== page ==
74 Models of Permanency Options for Older Adolescents in The U.S. Catholic Community Services, Tacoma, WA Mary Stone Smith, (253) ; Intensive program that uses a wrap around service delivery approach. Extensive search – the Red Cross Model; Mormon Genealogy Pool. Served over 400 children a year; 88% were referred or reunited with families. 67 were reunited with family with whom they had never lived; cost $4,600 per family per month for one to three months.

75 In Summary... Believe that permanency for this teen is possible! Don’t take “No” for an answer Be ready to identify a permanent connection for every young person Be Youth-Focused! Take The Risk!

76 References & Resources The Permanency For Teens Project. February, State of Iowa. For a copy, NRCFCPP or on line at Families for Teens. March, State of Ohio. For a copy NRCFCPP. Permanency Planning: Creating Life Time Connections. April, National report. For a copy download it from NRCYD web site (http://www.nrcys.ou.edu/fyi.htm)

77 References & Resources Permanency Planning and the Older Adolescent: Connections for a Lifetime. April, State of Oklahoma. For a copy, NRCFCPP Foster Care: What Young People in the System Say is Working. January, State of Washington, Office of the Family and Children’s Ombudsman. For a copy download from

78 References & Resources Assessing the Context of Permanency and Reunification in the Foster Care System. December, U.S. Department of Health and Human Services For a copy, Westat Courtney, M., Piliavin, I., Grogan-Kaylor, A., & Nesmith, A. (2001). Foster Youth Transitions to Adulthood: A Longitudinal View of Youth Leaving Care, Child Welfare, 80, (6),

79 References & Resources Finding Forever Families: Making the Case for Child Specific Recruitment. (35 min.) Dave Thomas Foundation for Adoption askdtfa Adopted children, administrators, workers and advocates from across the country discuss the importance of adoption for adolescents and young adults and share successful strategies for finding homes and matching children with families.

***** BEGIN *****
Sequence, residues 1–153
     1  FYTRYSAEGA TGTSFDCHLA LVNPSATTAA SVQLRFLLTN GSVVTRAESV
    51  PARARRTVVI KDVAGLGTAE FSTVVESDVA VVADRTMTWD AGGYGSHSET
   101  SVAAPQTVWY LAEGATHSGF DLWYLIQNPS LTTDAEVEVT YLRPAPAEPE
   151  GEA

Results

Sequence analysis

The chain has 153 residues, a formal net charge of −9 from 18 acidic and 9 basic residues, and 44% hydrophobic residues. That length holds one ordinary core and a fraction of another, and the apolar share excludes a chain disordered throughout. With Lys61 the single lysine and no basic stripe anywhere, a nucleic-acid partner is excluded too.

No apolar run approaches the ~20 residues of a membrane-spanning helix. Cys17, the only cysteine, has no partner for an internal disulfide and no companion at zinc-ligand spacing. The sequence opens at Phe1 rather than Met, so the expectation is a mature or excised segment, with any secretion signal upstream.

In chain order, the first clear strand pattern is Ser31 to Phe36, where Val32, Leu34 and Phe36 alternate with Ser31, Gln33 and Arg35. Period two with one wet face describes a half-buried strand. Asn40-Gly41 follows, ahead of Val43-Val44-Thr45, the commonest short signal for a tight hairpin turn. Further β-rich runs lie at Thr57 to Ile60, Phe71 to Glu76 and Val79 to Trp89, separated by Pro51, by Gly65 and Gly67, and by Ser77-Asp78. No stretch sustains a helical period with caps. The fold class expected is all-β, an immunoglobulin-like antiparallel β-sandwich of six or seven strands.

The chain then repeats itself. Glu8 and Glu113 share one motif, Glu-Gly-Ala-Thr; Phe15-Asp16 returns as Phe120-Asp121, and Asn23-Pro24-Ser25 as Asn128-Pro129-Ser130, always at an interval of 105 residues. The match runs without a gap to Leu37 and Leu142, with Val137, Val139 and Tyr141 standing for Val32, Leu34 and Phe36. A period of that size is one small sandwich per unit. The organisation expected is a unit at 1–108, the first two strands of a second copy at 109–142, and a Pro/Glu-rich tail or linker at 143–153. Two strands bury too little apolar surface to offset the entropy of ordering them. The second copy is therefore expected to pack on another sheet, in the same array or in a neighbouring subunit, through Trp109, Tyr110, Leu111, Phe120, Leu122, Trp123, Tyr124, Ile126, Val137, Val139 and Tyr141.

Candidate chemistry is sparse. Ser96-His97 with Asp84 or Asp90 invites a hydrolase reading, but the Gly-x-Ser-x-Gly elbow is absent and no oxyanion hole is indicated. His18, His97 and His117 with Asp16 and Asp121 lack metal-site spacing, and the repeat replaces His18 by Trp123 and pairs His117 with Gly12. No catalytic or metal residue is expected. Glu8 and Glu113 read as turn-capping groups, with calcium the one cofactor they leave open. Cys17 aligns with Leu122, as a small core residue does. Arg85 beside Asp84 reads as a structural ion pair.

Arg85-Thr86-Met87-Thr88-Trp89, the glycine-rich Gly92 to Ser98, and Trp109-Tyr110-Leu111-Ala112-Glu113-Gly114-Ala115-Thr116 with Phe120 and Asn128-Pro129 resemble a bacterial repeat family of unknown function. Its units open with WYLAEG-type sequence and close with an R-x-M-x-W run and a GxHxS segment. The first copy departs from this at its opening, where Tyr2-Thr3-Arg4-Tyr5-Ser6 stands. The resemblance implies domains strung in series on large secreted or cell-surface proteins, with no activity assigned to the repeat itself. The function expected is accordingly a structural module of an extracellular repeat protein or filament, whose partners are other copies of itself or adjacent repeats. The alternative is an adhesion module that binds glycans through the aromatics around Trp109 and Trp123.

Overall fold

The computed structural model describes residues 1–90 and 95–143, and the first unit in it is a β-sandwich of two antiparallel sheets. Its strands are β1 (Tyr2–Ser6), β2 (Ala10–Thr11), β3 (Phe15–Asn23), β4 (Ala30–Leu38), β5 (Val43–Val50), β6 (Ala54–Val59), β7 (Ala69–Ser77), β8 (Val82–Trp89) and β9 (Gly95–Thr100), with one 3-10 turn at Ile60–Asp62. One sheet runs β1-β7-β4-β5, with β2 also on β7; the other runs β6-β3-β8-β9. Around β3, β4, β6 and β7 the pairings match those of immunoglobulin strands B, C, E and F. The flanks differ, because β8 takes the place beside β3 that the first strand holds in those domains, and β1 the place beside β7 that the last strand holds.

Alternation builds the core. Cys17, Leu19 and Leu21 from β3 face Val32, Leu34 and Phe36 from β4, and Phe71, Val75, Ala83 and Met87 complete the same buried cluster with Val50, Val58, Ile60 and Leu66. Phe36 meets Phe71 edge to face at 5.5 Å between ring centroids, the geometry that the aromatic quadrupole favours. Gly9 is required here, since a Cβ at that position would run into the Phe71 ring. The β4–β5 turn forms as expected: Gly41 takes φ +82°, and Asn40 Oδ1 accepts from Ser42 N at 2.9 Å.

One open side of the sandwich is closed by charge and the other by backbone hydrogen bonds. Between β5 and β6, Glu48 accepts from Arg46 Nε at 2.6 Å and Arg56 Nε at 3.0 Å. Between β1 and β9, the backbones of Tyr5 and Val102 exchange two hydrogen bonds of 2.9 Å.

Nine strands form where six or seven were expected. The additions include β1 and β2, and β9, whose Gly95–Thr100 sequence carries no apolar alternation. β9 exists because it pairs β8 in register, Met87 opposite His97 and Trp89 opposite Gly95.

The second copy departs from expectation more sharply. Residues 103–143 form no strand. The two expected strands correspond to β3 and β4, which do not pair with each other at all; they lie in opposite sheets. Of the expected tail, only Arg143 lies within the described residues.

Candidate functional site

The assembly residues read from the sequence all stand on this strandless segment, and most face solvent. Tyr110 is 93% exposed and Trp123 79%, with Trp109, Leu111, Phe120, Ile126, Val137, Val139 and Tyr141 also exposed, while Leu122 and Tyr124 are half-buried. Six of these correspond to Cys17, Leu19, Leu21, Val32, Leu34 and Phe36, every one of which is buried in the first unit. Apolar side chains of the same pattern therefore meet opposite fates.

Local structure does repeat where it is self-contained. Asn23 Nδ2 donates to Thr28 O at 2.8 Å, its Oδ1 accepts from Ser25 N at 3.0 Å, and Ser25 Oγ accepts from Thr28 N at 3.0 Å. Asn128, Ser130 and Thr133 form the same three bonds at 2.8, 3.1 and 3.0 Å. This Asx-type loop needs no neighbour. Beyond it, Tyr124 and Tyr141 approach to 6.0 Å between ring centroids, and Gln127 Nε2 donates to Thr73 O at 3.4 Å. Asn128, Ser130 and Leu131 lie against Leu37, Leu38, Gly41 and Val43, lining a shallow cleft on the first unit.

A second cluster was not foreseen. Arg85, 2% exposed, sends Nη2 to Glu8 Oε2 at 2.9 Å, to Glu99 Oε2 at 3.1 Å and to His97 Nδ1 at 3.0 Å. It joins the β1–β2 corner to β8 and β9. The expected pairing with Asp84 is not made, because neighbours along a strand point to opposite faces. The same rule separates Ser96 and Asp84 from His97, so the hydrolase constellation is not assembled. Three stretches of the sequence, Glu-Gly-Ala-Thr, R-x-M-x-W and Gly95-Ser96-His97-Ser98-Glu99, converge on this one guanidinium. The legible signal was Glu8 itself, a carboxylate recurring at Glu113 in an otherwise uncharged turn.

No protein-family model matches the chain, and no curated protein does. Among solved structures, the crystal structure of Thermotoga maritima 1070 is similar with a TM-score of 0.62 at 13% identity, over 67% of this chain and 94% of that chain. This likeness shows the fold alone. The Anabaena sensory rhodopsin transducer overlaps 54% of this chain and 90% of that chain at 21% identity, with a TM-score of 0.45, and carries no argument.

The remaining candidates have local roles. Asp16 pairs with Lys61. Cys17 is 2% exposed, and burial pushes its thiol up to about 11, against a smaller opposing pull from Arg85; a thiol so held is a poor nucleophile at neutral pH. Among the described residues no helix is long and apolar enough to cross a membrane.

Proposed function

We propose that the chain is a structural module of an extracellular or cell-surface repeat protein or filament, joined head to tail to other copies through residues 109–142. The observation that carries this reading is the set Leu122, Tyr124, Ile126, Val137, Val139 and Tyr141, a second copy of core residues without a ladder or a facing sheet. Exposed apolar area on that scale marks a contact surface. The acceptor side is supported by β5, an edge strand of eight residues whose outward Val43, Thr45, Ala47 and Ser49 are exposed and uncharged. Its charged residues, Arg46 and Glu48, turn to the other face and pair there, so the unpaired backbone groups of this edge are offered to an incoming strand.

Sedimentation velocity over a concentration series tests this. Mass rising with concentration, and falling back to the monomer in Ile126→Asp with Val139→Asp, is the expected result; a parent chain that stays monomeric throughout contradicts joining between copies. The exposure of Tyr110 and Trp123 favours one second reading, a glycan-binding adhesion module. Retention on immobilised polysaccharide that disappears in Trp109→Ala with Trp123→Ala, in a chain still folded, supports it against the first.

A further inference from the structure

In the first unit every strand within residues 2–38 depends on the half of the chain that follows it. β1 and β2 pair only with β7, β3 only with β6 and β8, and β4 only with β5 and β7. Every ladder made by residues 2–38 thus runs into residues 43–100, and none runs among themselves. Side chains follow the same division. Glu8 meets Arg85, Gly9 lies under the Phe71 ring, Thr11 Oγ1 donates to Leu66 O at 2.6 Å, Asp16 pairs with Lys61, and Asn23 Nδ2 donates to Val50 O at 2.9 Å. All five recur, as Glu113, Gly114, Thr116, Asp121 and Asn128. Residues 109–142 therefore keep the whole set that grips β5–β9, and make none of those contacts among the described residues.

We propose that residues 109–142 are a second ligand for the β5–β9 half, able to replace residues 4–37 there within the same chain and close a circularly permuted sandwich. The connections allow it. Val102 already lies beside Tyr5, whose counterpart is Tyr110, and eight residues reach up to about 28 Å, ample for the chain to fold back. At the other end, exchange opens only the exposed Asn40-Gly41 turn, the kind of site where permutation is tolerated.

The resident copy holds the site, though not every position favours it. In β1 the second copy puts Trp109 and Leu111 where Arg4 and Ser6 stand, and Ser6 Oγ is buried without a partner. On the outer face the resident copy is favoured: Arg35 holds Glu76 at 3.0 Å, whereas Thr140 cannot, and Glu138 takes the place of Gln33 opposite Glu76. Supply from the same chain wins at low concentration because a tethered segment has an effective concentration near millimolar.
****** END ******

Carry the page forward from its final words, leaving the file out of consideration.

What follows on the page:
80 References & Resources Adoption and Adolescents: A Handbook for Preparing Adolescents for Adoption, Virginia Sturgeon (859) This handbook is designed to assist practitioners working with adolescents freed for adoption. It outlines the steps needed to plan for the future and to help them achieve their highest potential. Mentoring USA An organization that links foster care youth with caring adults and promotes life-long connections

81 References & Resources Lewis, R.G., and Heffernan, M.S. (2000). Adolescents and families for life: A toolkit for supervisors. Boston, MA: Lewis & Heffernan. A guidebook for child welfare providers interested in developing skills in working toward permanency with adolescents.

82 References & Resources Lewis, R.G., and Communities for People, Inc. (2002). The family bound program: A toolkit for preparing teens for permanent family connections. Boston, MA: Lewis. A guidebook for working with families to promote and prepare teens for permanent family connections.

83 References & Resources Mallon, G.P. (2003). Facilitating permanency for youth: A Toolbox for youth permanency. Washington, DC: CWLA. A toolbox for practitioners, policy- makers, and advocates for promoting permanency and life-time connections for older adolescents. www. cwla.org

84 National Resource Center for Foster Care and Permanency Planning Gerald P. Mallon, DSW, Director The National Resource Center for Foster Care and Permanency Planning Hunter College School of Social Work A Service of the Children’s Bureau/ACF\DHHS 129 East 79 th Street New York, New York (212) – Direct Line (212) Fax